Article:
Are MBA’s a Waste of Time for Engineers?

I know the feeling, wanting to get out of the monotonous routine, get out from the cubicle, and get away from your boring boss that has been working for the firm for 30 years. I’ve been there and I am seeing more and more that many engineers get that same itch. That need to use the other half of your brain, to engage that creative nature that has been suppressed. The desire to act on a vision, build with your hands, mix it up, do what feels natural and control your own destiny.

Right now you feel like:

Here is your problem,
here is your paycheck,
now go solve it monkey.

… but you have so much more potential. About 35% of the students in my MBA program that did engineering for their undergrad and are now looking to follow their true passion (which may not have been socially acceptable in their mind to their family when they were younger) to be an entrepreneur. It is only natural to ask if getting the MBA is the right bridge to connect your future:

  • My good buddy Pat began working in Silicon Valley with his B.S. in Mechanical Engineering as a Sales Engineer for the company that makes processor testing equipment. Within five years he had the have that change, left his job, sold all of his possessions and went to Alaska for a year.
  • My buddy Mike designed radio antennas on vehicles in the Midwest for years before ditching it all to come out to Lake Tahoe and become a message therapist.
  • I worked for HDR Engineering, and Domenichelli & Associates on Wastewater Treatment, Reservoir Design, Hydrology and Hydraulics; today I am working on business plans for independent movie theaters, adventure voluntourism projects, local business investment funds, and most importantly a new type of entrepreneurship competition.

But is the MBA the answer? Or is it just another, “do what you’re told, and I’ll give you what you want,” in this case a passing grade. I have serious concern for those engineering undergrads who want to become entrepreneurs because doing what you’re told is not an entrepreneur. Many important business tenets (that you may not experience otherwise) can definitely be learned through and MBA (such as time value of money, basic accounting, and how to work effectively in teams to accomplish a goal) but much of the same must be learned when you’re in the fire of a startup business.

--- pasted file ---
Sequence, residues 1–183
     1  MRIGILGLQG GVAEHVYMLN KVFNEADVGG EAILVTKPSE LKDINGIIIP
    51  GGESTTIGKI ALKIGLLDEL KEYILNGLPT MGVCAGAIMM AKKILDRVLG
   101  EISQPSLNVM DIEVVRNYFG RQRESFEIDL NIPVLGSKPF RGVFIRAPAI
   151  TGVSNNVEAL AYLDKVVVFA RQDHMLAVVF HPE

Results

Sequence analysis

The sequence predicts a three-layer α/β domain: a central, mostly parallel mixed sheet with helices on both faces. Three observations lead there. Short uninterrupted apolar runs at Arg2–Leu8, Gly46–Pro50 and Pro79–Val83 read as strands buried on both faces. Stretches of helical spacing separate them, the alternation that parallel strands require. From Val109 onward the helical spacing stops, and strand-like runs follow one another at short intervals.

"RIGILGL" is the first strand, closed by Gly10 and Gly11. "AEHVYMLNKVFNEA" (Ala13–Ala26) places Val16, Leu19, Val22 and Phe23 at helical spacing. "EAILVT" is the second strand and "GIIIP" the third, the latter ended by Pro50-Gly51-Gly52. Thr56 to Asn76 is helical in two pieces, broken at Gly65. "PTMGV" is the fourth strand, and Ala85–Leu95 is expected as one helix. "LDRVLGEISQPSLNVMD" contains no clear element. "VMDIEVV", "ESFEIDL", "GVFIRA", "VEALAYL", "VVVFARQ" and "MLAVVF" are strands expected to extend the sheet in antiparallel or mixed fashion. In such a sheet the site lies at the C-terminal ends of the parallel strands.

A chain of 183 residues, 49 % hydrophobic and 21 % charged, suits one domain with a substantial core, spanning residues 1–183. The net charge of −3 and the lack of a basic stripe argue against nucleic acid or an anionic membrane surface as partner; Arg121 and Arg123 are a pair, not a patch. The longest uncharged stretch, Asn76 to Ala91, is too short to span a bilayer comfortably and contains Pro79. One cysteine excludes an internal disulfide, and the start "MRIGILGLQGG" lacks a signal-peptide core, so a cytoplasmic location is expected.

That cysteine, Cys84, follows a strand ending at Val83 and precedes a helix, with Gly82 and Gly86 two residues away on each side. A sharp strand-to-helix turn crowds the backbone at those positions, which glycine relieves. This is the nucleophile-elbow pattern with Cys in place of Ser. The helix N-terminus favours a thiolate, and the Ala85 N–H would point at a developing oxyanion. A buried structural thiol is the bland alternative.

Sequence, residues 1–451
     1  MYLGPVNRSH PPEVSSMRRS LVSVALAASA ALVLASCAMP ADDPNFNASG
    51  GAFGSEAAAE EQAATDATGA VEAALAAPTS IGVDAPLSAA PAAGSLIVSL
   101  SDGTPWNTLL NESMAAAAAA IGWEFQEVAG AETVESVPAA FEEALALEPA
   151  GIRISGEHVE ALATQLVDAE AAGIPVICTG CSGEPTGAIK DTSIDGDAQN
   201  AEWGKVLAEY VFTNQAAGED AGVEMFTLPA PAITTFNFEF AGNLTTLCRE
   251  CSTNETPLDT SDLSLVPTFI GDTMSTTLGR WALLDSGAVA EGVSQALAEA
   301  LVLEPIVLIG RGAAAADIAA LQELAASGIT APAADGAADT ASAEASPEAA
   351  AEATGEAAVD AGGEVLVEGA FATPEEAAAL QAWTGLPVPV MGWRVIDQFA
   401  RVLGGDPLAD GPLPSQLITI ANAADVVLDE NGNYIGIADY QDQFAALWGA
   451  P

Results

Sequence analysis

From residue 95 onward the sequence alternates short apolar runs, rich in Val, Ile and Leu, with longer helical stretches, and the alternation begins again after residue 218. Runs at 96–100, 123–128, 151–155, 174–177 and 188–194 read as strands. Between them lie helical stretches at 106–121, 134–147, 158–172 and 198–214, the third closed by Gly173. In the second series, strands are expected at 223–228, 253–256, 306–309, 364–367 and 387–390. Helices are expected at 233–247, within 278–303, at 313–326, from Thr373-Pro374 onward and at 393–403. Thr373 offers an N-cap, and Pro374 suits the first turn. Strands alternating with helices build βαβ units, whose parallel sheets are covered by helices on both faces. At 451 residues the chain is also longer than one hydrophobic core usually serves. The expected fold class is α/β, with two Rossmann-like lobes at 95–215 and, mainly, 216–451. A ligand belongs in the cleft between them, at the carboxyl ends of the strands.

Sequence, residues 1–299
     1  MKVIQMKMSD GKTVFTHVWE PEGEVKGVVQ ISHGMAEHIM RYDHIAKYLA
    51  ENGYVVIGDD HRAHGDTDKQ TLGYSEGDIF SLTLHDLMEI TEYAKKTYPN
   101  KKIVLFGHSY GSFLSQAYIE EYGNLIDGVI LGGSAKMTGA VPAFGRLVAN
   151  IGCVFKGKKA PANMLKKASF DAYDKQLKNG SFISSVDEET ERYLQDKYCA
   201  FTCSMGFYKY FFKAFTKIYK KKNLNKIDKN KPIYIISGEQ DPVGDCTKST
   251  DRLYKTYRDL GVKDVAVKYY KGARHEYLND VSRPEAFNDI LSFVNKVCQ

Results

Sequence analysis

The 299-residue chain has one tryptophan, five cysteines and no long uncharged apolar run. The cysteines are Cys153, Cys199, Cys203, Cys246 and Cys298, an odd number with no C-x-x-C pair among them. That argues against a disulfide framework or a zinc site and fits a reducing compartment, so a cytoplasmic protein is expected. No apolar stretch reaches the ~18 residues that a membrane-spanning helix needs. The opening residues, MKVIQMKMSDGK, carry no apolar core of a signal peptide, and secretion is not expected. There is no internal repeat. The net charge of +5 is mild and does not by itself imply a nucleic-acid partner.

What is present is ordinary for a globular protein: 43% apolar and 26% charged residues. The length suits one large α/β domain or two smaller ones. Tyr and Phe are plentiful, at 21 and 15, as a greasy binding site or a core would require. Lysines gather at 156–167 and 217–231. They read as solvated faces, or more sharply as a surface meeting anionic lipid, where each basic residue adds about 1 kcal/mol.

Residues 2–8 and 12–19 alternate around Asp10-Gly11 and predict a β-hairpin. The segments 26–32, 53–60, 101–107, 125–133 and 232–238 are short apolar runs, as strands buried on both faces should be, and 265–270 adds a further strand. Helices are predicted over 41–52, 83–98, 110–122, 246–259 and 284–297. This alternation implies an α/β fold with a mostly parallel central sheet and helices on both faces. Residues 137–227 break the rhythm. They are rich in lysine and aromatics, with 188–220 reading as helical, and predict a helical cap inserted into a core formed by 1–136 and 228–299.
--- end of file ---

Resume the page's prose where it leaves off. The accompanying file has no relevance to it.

I would argue that you are no more ready to be an entrepreneur as an engineer with and MBA than you were as an engineer without an MBA.

First thing’s first… If you’re serious about being an entrepreneur, stop making excuses and in the words of an awesome blog I just read by @RubyBuddha:

I hereby grant you the permission to start doing whatever you need to do
to be the person you claim you want to be.”

Thank you for reading my blog – Daniel S. Herr.
I invite you to connect with me on Twitter @DanHerr
Or follow to my blog 

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Comments

  1. John Argo says:

    Equally, you’re no more ready to be an entrepreneur because you have an advanced engineering degree. An inventive mind is an inventive mind and an entrepreneurial mindset is an entrepreneurial mindset. These are quite separate from how you learn the tools necessary to craft the solution you invent. Many learn what they need on the street while other learn more effectively in an academic setting. An MBA is the most interdisciplinary advanced degree so, in some senses, that parallels the the breadth of understanding one needs to thrive in a startup. Of course, an MBA helps fill the toolbox of the professional manager, tools that most startups don’t really need in their early days but become more useful as a business scales. What matters is the ability to discover what you need to know and the ability to learn it, however best suits your circumstances and ambitions.

    Bottom line is that if someone is signing up for an MBA–or any other degree, for that matter–to check a box, to have some notion of credibility bestowed, they will be disappointed and are wasting time. In a startup and in entrepreneurship, it matters less about academic credentials of any kind than does a demonstrated ability to execute. As Henry Ford said: “I am looking for a lot of men who have an infinite capacity to not know what can’t be done.”

    • Agreed and points well taken. One question I am hoping to answer for the audience is; can an engineer naturally have an entrepreneurial mindset without formal business education? Yes. My inkling is that if you are asking this question, you may not have the drive to make it with or without a formal business education. Is there any substitute for jumping into the fire and learning firsthand? If you can think critically, mind common-sense and execute effectively with steadfast determination an MBA may or may not be worth your while with the important point being that you make no excuses (permission granted) and have the determination to see it through.
      When asked, “What would they be if not an engineer?” most in the UNR MBA program say hands down “Entrepreneur.” Is it that they are not yet a successful entrepreneur because they are truly risk-adverse and hoping that an MBA will help ensure some level of success? I hate to generalize, but perhaps…
      Thank you for a great comment John!

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